William Drenttel | Essays

Edward Tufte: The Dispassionate Statistician II

In a recent interview (here and here) with Edward Tufte by Dan Nadel (I.D. Magazine, November 2003), I was surprised to read Tufte saying that he discovered how "horrifying" PowerPoint was while doing a Google search for people who were teaching his work. In other words, he recognized PowerPoint as evil when he saw his own work projected through its lens — and worse still, that it was "contrary to my work on analytical design."

Tufte has a long and distinguished career, but his reputation was really cemented by his analysis of the Challenger crash in 1986 (well documented in Visual Explanations,1997). After the recent Columbia tragedy, with O-rings replaced by destructive foam, Tufte again wants to blame bad information design. For accuracy's sake, let me quote:

"And then the Columbia went down. I looked at the slides Boeing did during the flight, which indicated no danger from foam hitting the wing. NASA believed it, and we've seen what happened. Those were in PowerPoint. It's not that PowerPoint brought the Columbia down, but the method of presentation broke up the argument into tiny fragments..."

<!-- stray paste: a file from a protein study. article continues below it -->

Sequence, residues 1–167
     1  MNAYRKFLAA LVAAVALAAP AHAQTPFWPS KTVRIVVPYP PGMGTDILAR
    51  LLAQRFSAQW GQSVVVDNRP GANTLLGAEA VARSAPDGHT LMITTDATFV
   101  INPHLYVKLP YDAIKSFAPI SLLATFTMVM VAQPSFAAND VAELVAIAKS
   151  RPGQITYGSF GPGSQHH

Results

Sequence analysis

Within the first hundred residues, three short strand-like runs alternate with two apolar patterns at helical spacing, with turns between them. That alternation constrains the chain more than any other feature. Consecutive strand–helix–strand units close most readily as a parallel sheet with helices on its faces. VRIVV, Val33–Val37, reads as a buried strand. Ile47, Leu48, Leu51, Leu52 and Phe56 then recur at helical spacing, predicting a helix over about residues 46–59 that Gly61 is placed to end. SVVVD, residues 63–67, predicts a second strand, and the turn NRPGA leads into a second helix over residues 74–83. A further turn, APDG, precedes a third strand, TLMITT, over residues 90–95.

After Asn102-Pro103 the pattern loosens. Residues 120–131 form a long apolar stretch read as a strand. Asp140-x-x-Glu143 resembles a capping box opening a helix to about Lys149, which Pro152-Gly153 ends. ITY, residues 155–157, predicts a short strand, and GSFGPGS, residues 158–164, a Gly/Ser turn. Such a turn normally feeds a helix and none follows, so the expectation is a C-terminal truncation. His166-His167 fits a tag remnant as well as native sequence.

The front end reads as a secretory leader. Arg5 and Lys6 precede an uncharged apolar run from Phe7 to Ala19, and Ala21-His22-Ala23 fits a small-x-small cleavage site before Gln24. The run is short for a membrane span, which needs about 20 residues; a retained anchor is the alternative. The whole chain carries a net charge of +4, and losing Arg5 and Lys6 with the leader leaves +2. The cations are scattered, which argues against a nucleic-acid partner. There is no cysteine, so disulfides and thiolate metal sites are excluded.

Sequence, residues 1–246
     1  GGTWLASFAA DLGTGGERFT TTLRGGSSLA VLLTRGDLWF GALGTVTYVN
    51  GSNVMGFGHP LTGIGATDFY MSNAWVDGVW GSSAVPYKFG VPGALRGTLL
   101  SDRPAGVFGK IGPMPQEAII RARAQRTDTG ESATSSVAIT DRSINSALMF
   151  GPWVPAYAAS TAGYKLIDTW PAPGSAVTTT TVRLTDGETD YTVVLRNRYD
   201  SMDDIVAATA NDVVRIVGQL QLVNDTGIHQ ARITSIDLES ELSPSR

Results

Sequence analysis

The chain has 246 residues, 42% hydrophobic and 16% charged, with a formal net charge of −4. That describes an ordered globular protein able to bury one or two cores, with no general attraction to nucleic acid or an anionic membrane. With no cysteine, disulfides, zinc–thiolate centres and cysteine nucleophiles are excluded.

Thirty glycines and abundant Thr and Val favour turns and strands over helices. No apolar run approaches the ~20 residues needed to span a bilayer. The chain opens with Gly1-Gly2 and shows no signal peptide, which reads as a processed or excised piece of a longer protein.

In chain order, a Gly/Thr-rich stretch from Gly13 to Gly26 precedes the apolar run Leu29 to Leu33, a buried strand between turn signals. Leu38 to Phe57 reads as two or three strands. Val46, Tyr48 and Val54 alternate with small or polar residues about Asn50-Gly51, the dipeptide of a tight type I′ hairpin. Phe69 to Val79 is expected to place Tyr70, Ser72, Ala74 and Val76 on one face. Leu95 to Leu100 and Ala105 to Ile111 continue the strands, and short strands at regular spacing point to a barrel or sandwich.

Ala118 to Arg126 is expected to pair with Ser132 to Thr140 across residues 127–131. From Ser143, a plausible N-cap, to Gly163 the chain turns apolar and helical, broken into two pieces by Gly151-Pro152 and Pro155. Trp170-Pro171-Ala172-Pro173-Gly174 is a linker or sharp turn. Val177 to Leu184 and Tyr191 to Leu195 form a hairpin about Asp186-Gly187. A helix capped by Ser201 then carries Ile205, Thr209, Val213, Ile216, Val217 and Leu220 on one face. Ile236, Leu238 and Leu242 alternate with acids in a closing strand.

I am quoting here precisely because I want to suggest that PowerPoint was probably not a major contributor to the Columbia tragedy: it is pretty clear from the investigation and its final report that many people within NASA and Boeing thought the leaking foam was a (more) dangerous problem, and that the culture of NASA led to these voices being ignored.